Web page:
Busting myths about marrying after 50
Going through a divorce after establishing a whole life together is never the desired outcome but one to be prepared for, nonetheless. From the beginning of your marriage and beyond the aftermath of divorce, you’ll need to be honest with what you want and get it in writing.
What may have been true 10 years ago about maintaining your personal and joint assets has most likely changed nowadays and you’ll want to update yourself on the best way to proceed.
If it seems that you’re both heading separate ways, make sure that your personal accounts will be sufficient to serve you after the divorce.
Marriage after age 50 is a wonderful thing, but it has some financial challenges, too. There is plenty to take into account, and plenty of money myths, if you plan to tie the knot in midlife — especially if your spouse-to-be has children from a first marriage.
Here are six common myths:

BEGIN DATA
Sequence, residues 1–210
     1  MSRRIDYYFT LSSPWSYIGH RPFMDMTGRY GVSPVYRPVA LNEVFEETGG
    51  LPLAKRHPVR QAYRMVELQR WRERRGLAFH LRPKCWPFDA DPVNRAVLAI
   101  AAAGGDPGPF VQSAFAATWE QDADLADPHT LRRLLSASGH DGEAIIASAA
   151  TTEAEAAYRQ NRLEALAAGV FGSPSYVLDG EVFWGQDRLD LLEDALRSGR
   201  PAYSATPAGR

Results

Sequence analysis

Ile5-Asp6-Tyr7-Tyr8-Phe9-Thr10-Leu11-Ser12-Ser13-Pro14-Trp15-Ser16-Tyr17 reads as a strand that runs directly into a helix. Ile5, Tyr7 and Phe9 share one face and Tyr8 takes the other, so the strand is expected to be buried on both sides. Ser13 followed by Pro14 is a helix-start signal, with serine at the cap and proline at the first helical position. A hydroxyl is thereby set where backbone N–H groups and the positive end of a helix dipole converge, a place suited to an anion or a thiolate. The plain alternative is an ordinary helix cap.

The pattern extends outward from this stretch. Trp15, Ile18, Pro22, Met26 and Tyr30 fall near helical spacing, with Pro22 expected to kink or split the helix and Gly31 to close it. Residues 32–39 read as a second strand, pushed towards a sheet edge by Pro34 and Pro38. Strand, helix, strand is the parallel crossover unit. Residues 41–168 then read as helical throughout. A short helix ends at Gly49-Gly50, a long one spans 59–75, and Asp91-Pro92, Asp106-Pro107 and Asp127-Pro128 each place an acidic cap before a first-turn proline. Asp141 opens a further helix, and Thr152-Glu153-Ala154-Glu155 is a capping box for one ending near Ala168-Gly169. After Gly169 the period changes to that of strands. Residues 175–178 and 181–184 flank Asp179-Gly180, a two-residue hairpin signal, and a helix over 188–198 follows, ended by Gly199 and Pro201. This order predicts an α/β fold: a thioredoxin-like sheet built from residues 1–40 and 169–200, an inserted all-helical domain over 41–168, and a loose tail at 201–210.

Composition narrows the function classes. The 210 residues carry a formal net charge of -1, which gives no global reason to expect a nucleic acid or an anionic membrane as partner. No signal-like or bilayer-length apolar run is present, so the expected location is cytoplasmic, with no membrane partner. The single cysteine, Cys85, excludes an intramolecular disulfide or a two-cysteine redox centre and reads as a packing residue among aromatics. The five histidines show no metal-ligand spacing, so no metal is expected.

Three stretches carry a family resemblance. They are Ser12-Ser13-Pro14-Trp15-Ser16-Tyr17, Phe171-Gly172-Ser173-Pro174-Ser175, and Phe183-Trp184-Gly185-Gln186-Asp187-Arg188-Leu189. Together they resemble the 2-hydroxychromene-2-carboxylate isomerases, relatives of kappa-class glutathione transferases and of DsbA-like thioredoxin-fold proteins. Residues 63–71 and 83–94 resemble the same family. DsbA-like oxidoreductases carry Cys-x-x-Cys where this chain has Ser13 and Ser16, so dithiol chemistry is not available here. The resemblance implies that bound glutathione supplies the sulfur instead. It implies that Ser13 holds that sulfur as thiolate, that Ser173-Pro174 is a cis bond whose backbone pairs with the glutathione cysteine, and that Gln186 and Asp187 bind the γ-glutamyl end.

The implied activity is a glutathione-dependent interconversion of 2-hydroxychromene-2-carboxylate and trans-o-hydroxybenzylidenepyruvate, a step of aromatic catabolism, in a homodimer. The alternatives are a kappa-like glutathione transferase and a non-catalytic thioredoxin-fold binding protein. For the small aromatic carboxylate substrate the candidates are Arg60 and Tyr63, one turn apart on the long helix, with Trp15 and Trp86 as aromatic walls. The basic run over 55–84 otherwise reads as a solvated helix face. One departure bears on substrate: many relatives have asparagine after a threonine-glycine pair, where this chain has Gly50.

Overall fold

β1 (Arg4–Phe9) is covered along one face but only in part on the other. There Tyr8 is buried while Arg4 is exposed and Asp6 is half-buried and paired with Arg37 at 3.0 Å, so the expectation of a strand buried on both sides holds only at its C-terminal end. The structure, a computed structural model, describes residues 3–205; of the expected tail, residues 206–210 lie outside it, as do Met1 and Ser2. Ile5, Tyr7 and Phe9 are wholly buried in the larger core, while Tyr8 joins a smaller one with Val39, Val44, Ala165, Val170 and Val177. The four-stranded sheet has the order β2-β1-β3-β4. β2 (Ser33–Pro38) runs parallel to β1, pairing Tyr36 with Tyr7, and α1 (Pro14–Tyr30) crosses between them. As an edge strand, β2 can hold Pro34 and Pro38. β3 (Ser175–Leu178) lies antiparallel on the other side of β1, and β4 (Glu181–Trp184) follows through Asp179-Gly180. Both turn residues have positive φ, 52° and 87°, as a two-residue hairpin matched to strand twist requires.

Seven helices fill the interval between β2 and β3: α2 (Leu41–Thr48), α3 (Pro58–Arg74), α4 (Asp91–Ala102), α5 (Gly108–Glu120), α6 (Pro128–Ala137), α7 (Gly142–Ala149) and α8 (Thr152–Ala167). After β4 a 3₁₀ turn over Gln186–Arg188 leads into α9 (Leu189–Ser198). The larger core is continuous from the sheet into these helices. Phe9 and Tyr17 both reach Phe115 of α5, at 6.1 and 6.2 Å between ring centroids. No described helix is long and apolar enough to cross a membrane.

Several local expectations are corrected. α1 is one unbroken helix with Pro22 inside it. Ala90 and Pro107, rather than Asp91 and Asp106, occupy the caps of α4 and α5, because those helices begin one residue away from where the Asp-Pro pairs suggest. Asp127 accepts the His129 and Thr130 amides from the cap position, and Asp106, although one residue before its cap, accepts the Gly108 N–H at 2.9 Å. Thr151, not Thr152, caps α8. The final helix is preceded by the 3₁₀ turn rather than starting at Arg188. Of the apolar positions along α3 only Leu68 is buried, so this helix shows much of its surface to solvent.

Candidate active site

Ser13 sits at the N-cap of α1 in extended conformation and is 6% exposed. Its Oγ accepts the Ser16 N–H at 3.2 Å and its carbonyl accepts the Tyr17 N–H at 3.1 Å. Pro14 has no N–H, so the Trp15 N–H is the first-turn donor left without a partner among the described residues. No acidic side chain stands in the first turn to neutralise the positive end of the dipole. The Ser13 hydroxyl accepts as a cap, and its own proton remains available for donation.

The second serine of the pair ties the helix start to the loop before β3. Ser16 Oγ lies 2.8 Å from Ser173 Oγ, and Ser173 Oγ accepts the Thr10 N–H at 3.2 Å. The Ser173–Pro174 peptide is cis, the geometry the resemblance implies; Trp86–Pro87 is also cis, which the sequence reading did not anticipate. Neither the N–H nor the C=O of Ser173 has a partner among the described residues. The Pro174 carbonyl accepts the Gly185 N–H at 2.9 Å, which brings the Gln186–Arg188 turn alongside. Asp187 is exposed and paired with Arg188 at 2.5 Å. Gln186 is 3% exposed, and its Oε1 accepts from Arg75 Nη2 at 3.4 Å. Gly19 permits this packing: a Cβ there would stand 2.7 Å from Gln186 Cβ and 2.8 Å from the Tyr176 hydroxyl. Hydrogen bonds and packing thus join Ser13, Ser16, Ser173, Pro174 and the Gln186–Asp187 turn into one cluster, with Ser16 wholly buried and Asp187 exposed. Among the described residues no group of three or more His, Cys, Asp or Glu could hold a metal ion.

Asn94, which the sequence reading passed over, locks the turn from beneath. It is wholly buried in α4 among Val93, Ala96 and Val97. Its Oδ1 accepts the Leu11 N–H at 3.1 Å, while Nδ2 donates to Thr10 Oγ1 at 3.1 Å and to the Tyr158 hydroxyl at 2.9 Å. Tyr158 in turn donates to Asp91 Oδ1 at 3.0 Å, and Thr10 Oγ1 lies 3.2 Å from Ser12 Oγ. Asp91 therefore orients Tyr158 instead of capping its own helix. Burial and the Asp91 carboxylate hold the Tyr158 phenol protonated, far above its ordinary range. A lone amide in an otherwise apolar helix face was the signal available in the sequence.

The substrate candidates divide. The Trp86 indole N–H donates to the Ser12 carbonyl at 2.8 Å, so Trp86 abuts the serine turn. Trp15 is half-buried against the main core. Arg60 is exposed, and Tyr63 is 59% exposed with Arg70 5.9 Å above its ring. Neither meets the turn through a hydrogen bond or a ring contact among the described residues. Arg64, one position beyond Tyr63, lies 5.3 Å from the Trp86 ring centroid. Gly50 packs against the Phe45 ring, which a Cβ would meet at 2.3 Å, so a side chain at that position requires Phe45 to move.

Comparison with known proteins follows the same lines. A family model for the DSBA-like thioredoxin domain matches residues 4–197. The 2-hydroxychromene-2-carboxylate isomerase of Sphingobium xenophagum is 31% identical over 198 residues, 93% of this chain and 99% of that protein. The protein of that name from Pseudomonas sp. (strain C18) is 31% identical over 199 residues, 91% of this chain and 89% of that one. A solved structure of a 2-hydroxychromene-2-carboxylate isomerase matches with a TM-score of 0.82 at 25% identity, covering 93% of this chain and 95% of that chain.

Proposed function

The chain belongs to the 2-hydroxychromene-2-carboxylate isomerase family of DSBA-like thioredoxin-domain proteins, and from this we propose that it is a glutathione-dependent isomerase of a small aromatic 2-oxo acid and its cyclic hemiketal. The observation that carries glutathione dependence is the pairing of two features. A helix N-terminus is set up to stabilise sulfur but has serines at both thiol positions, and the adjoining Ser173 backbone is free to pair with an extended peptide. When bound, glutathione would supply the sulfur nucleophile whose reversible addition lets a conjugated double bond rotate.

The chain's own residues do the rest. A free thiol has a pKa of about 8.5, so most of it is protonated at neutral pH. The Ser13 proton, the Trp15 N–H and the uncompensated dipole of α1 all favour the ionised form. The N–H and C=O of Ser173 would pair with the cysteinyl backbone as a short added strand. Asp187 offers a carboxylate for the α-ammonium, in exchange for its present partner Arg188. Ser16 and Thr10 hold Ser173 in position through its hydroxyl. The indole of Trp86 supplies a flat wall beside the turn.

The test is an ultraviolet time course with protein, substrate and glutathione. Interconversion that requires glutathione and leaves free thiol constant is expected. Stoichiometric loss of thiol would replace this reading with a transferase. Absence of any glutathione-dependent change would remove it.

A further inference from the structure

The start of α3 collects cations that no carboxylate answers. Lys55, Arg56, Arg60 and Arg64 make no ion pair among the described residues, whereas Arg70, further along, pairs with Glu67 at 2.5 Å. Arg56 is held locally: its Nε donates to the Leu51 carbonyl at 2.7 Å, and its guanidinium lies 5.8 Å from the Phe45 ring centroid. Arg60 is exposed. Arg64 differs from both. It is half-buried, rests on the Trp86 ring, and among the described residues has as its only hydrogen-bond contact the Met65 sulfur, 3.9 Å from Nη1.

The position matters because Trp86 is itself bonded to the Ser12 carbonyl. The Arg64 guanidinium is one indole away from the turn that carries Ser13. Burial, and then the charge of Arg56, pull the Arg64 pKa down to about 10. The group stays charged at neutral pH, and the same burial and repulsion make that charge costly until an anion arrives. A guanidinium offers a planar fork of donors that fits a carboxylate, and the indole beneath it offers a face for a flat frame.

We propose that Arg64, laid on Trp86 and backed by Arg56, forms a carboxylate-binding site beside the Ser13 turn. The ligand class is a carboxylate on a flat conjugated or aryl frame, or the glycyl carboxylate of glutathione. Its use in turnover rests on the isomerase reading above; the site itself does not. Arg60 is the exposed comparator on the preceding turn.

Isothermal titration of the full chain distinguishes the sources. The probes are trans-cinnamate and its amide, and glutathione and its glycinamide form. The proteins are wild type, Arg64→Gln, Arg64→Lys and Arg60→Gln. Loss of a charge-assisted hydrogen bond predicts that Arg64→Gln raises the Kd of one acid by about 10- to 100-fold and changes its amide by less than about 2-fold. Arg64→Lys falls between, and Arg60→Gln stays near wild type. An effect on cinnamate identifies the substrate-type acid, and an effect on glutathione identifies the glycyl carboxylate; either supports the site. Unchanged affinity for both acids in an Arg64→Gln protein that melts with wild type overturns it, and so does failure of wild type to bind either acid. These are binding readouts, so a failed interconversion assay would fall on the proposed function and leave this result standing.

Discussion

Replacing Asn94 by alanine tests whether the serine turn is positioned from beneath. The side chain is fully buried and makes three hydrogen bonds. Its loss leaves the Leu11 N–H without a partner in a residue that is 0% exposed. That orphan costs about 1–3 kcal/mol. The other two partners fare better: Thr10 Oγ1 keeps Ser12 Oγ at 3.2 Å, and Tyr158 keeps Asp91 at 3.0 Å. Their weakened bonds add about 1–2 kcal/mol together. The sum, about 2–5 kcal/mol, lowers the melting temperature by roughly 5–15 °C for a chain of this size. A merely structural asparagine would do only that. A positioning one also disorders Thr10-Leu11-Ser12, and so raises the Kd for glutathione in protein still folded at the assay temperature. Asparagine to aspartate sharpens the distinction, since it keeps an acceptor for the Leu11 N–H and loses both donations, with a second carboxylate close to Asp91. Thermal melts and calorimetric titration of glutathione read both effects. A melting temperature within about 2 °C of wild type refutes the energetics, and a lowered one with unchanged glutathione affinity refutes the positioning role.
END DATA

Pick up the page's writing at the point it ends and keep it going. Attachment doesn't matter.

Myth No. 1: prenups are only for the rich and famous
Actually, if you’ve been married before and have children from a previous relationship, a prenuptial agreement is essential to ensuring that property will pass to children from the prior marriage, says Christine M. Searle, certified internal auditor and owner of Searle Business Solutions in Arlington, Va.
And, she says, even if you’re getting married for the first time, chances are you’ve accumulated significant assets by this point in your life (and perhaps even some debt). So you’ll need to plan how to handle those if, sadly, this marriage doesn’t work out.
Don’t think of a prenup as prearranging your divorce, Searle says, but more like writing your will. “If you don’t have certain things arranged,” she says, “the state gets to make decisions for you and that’s like dying without a will.”
After 50, the focus of a prenuptial agreement should be on protecting your children and grandchildren. “The context of a prenuptial should be how to do we provide together for our extended families,” says Carla Dearing, CEO of Sum 180.
For instance, in the U.S., states can let a surviving spouse claim his or her “elective share” in place of what was left in the decedent’s will. A prenup allows your spouse to waive the elective share so you won’t need to fear your estate plan will be challenged by your surviving spouse, says Philadelphia divorce lawyer Linda A Kerns.